Issue > Poetry
Laurinda Lind

Laurinda Lind

Laurinda Lind is currently teaching college English in New York’s North Country after several years of writing as a freelance journalist. Some poetry publications/acceptances were in Comstock Review, Main Street Rag, Off the Coast and Paterson Literary Review.


You died on a complicated
day in February when I drove
through a snowcloud that sucked
up my car, but I couldn't swerve.
I had spent a month screaming
for someone, anyone to see
you, to save you, but they sent
you home from the hospital time
after time since you took so long
saying so long. The flakes falling

down fast are beautiful and they
break me open and I find myself
falling too, going heavy to the ground
after four weeks hiding up in my
hammered heart. It's hard
here without you, who gave me
half myself but couldn't stay to see
me through. And even though
this is not true and you're still
across the hall in this house,

drifting off by degrees, I'm trying
to figure out who I will be without
a father strong enough to undo
February like this looking for
a space to assume next. All I
can feel is you torn off from me
the same way you must have
allowed that rift in your life since
I was born, which was the day you
brought me here and I started to die.


With a baby in a carseat that couldn't
pass inspection now, in a truck my father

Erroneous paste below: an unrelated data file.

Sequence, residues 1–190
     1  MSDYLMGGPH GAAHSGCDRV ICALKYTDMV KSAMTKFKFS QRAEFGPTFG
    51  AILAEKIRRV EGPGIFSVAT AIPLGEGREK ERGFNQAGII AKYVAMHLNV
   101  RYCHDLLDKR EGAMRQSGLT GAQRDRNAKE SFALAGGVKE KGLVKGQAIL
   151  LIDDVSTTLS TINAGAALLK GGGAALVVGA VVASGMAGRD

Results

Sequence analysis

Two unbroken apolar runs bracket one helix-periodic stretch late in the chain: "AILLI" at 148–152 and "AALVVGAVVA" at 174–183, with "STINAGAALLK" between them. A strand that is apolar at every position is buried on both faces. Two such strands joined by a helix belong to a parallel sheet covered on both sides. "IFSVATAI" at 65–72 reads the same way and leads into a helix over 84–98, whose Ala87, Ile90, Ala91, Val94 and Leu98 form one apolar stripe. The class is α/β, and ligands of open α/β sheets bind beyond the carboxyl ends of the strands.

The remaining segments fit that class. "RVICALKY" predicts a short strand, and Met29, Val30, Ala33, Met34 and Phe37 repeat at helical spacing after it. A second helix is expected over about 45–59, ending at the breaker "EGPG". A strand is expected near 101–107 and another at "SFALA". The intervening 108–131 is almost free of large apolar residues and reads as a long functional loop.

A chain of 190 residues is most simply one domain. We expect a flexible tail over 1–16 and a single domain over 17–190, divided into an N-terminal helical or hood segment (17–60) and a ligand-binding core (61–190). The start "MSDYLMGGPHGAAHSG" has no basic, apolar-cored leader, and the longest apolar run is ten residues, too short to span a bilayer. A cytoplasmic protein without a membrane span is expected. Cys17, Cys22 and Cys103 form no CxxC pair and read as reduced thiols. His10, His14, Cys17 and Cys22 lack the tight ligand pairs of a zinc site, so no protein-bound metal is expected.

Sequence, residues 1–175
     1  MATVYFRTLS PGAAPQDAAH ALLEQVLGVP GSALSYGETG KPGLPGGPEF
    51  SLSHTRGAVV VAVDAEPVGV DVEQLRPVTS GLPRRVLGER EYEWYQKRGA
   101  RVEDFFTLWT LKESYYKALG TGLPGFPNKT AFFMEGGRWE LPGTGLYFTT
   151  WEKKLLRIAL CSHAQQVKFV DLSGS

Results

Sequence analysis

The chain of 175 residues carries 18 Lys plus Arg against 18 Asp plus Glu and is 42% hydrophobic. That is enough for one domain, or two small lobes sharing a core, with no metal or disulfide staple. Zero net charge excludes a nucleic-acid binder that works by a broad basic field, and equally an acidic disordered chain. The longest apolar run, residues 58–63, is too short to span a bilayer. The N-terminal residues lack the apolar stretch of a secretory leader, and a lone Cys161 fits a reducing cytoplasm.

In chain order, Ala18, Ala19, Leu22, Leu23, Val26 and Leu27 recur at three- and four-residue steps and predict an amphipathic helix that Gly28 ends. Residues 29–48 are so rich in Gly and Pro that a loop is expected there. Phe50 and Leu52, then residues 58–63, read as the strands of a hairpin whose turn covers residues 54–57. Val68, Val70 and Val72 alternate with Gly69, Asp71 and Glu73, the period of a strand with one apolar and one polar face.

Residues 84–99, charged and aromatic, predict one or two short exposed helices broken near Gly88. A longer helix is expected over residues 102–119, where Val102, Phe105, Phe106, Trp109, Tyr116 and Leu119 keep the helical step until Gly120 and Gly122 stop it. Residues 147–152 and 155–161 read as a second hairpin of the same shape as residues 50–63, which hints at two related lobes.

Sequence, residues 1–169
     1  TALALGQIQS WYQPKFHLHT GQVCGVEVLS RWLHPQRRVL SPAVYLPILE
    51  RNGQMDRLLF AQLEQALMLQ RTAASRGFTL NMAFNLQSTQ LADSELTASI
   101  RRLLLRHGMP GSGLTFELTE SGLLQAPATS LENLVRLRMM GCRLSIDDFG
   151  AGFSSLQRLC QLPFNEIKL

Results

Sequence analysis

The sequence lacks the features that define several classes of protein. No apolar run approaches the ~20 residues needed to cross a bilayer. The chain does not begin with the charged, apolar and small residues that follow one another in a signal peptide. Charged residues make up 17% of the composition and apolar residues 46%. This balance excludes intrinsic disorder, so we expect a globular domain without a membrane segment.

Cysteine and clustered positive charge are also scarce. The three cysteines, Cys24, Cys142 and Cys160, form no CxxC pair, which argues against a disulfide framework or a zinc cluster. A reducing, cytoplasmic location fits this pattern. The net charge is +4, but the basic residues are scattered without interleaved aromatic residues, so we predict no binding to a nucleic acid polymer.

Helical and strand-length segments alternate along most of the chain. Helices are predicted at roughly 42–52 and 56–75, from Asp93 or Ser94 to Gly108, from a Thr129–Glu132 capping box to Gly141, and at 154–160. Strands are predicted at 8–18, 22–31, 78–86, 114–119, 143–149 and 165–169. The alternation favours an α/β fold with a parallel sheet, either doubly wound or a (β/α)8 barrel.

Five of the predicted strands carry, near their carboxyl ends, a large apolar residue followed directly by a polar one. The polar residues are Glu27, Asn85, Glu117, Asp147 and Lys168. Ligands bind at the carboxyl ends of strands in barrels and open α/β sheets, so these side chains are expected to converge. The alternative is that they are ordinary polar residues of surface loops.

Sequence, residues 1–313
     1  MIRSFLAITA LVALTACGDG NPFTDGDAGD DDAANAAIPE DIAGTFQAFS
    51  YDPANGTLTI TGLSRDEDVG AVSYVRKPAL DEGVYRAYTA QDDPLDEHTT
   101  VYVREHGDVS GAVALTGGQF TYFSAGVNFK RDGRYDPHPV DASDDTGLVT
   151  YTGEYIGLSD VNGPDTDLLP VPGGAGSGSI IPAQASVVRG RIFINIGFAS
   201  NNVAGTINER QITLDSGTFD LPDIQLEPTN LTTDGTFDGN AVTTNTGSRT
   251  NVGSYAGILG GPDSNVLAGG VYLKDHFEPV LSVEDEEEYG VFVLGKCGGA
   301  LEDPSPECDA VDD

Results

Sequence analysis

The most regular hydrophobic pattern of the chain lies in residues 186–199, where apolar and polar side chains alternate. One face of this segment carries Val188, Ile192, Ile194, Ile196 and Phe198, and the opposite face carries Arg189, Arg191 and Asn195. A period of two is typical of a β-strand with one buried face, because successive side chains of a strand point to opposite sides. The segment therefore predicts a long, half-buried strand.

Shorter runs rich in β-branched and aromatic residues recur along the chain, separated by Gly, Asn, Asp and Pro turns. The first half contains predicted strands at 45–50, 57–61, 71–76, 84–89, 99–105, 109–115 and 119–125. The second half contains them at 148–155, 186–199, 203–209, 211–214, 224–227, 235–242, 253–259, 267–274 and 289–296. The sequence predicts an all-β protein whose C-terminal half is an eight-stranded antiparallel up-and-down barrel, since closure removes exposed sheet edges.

drove to midcontinent to lend me for
six months, winding alone through Idaho
and then Wyoming just to see the baby's
father for one weekend where he had
to work but where we couldn't live.

With a pair of cowboys at a yield sign
who wouldn't, so I had to slam my foot
on the accelerator to save us, barreling
past Bear Lake and seeming safe
except faster and faster since the pedal
had stuck to the floor, brakes barely
helping, zooming up that hill where
the road would start to unravel.

With ripping my eyes from the road
and getting down on the floor edging
toward one hundred feeling under
the footpiece, finding a rod that had
shifted under its slot, prying it up
with frantic fingers, sensing the slowing,
getting into the seat again
yawing along the left lane.

With going up that rise and pulling
off to the right far over by bushes,
thanking the truck again and again
and God and anyone else invisible
but present, and the baby for being
alive, and whoever forgives us
for parenthood, for which we are
so spectacularly unprepared.


Jill Moffett

Jill Moffett


Joshua L Martin

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